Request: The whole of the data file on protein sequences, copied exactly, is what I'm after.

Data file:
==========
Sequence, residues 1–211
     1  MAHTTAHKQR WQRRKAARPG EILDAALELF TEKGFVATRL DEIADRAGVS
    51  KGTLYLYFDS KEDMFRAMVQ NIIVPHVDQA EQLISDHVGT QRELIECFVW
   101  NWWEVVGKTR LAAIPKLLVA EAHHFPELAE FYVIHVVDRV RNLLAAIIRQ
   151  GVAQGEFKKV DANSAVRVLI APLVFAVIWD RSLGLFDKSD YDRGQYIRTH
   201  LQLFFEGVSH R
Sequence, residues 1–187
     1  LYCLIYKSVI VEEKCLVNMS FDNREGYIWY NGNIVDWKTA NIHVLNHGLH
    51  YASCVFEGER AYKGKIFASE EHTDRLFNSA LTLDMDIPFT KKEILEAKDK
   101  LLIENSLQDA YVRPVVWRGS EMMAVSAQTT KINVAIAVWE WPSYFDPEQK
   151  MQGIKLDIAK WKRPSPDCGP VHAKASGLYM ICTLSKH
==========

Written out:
Sequence, residues 1–211
     1  MAHTTAHKQR WQRRKAARPG EILDAALELF TEKGFVATRL DEIADRAGVS
    51  KGTLYLYFDS KEDMFRAMVQ NIIVPHVDQA EQLISDHVGT QRELIECFVW
   101  NWWEVVGKTR LAAIPKLLVA EAHHFPELAE FYVIHVVDRV RNLLAAIIRQ
   151  GVAQGEFKKV DANSAVRVLI APLVFAVIWD RSLGLFDKSD YDRGQYIRTH
   201  LQLFFEGVSH R
Sequence, residues 1–187
     1  LYCLIYKSVI VEEKCLVNMS FDNREGYIWY NGNIVDWKTA NIHVLNHGLH
    51  YASCVFEGER AYKGKIFASE EHTDRLFNSA LTLDMDIPFT KKEILEAKDK
   101  LLIENSLQDA YVRPVVWRGS EMMAVSAQTT KINVAIAVWE WPSYFDPEQK
   151  MQGIKLDIAK WKRPSPDCGP VHAKASGLYM ICTLSKH